Sunday, July 4, 2010

'Misery'- Review

Publisher: Hodder & Stoughton

ISBN: 0-450-41739-5

369 Pages

Opening Line:
'umber whunnnn
yernnn umber whunnnn
These sounds: even in the haze.'


So far I haven't reviewed any books from the horror genre, so I thought it was about time that I did.

I read a lot of Stephen King novels when I was a teenage and I still think that 'Misery' is one of my favourites.

When Paul Sheldon, a semi-famous fiction novelist, heads out to celebrate the completion of his latest novel, he could never imagine that his life would take a turn for the worst. After too much champagne and thick snow covering the mountains, Paul crashes his Camaro and is left in the woods, unconscious.

The next thing he knows, a strange woman is giving him mouth to mouth resuscitation and she then takes him to recuperate in her isolated farm. The woman's name is Annie Wilkes, an ex-nurse with a passion for Paul's novels and deadly mood swings.

Annie holds Paul as her prisoner, by pumping him full of drugs and the only way he can survive, is to resurrect Misery Chastain, the character from his popular trashy novels, for a very special one off copy of 'Misery's Return.'

The plot in this novel is gripping. At no point throughout did I feel that it wained or raced towards an unsatisfactory end. The characters were believable, even Annie Wilkes was believable and extremely intense. I could feel Paul's fear and anticipation, as you didn't know what Annie would do next.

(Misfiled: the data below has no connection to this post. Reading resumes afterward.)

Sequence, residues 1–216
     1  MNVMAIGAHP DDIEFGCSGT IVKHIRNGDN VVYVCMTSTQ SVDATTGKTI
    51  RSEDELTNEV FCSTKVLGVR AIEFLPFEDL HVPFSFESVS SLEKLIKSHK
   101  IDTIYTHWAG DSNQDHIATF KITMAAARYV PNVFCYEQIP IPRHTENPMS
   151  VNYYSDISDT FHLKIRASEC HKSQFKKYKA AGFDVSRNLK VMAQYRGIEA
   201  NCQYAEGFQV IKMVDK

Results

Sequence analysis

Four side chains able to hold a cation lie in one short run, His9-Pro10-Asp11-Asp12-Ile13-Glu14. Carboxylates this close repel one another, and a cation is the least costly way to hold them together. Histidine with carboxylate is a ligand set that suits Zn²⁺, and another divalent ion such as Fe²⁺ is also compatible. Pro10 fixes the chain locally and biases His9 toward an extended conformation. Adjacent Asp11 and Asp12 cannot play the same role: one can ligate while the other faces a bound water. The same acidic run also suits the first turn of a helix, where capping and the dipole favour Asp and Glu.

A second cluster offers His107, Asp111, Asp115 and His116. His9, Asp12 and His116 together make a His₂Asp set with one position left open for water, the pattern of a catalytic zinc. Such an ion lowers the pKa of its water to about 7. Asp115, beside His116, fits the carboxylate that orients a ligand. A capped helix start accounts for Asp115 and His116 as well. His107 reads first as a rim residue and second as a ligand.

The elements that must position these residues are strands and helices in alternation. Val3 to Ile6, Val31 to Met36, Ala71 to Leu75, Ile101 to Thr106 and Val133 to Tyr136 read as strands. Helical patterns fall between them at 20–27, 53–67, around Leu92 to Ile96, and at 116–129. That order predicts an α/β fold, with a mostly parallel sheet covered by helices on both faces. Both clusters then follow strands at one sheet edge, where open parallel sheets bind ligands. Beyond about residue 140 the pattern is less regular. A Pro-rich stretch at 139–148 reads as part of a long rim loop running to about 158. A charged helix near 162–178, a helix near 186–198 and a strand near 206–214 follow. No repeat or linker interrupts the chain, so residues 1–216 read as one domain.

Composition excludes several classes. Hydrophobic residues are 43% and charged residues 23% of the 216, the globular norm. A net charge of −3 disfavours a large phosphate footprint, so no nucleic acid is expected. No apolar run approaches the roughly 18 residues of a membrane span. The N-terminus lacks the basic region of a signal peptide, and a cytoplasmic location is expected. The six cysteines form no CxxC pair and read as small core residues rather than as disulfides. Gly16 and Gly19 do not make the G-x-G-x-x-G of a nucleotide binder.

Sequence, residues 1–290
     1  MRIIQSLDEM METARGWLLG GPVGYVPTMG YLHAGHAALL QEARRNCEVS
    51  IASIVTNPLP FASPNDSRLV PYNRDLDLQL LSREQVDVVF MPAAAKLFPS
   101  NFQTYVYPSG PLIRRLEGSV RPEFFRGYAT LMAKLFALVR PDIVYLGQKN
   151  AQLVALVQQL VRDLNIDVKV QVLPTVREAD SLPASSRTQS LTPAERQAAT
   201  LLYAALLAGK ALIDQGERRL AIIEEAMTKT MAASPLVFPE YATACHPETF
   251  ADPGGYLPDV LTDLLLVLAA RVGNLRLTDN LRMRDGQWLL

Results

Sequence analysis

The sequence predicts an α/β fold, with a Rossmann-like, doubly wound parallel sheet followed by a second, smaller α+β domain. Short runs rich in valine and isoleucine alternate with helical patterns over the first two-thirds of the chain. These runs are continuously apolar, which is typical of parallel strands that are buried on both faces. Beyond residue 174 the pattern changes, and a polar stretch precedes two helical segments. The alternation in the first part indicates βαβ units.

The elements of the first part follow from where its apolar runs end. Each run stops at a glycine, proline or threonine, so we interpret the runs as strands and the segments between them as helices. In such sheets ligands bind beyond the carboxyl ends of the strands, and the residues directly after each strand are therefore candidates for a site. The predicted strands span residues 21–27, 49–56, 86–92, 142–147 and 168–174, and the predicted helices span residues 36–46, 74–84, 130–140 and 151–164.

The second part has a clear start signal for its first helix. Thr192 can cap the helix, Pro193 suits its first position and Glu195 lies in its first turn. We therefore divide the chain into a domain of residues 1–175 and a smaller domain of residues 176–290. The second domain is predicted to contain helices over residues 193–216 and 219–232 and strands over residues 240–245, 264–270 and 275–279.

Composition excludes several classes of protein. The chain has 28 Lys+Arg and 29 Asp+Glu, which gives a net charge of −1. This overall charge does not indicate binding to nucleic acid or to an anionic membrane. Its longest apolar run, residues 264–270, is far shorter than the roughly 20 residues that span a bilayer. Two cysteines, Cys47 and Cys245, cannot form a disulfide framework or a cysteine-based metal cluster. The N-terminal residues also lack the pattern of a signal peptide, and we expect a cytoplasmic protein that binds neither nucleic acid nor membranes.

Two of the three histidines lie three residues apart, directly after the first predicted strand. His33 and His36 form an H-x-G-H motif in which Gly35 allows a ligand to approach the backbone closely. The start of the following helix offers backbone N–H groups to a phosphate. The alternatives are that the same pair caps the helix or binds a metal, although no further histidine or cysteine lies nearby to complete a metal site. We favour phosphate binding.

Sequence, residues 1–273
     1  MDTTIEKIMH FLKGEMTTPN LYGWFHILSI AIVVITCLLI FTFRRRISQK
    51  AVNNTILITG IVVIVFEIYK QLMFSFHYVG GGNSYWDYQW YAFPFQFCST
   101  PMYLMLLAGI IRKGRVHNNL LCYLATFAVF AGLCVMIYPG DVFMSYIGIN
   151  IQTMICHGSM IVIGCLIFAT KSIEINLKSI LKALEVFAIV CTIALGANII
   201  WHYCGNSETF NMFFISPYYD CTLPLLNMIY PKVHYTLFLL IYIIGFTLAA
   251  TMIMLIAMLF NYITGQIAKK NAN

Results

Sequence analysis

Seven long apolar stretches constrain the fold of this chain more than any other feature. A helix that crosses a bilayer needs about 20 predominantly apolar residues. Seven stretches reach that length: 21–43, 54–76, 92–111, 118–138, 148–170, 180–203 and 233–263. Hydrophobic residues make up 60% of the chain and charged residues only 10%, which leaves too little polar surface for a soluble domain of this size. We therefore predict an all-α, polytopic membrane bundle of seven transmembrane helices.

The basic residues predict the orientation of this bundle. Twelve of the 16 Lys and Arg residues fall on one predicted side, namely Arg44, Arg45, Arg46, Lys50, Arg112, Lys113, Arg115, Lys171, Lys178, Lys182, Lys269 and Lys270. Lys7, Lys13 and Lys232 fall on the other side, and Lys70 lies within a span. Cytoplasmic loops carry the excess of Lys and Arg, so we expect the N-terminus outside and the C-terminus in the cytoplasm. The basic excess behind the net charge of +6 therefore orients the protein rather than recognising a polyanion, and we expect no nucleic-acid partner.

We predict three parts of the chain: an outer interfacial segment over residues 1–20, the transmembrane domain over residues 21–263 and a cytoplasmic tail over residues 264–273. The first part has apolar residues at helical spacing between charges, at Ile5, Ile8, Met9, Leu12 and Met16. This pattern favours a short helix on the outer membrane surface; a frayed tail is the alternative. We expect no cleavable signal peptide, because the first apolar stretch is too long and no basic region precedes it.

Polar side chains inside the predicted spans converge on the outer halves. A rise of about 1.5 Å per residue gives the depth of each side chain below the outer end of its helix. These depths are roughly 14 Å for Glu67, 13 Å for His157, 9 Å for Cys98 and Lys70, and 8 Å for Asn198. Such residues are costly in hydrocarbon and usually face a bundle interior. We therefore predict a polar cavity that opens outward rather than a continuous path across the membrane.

I liked King's use of multiple styles of writing throughout the novel. He used stream of consciousness, third person and even first person in such a seamless way, that instead of being confusing, for me, it was intriguing and exciting to read.

I also liked the way in which King played with the idea of what is 'good' and what is 'evil'. At one point in the novel, the situation which is perceived as 'evil' i.e Paul being incarcerated in the cabin with the psychotic woman, is actually seen as a bit of a saviour for Paul, taking him away from the evils of the outside worlds i.e of drink, woman and lack of work ethic. Whilst in the cabin, Paul's sees some sort of clarity in a more sober life and he finds that he can create some of his best work, even in such highly stressful situations

For me, the element that made the book most impressive, was that 'Misery' works on many levels. Firstly, you have the level that takes a reader on a journey with a few scares thrown in for good measure. In fact, some of the scenes within the book are shocking. I didn't feel at any point, that the book was predictable or silly, which in a lot of cases, horror books can become like that.

However, being a writer myself, what was interesting, was that throughout the novel, Stephen King gives the reader a glimpse into how a writer creates a story.

He doesn't deny that what he is writing is something that is crafted from the imagination and lets the reader into the writing process. From the conception of ideas, to the way in which writers don't just simply write words on a page, but they actually mentally step into the character's world and simply write what is being presented before them. This element, I myself, can definitely relate to. I particularly like the way in which Paul explains his game of 'Can You?' which involves imagining how you are going to get certain characters out of seemingly impossible situations and most of the time, I feel like I do that too.

'Misery' is exhilarating, scary and intriguing. It had me hooked from beginning to end. I would definitely recommend this novel, if you like some good old fashioned horror, or are a writer interested in observing great writing technique.

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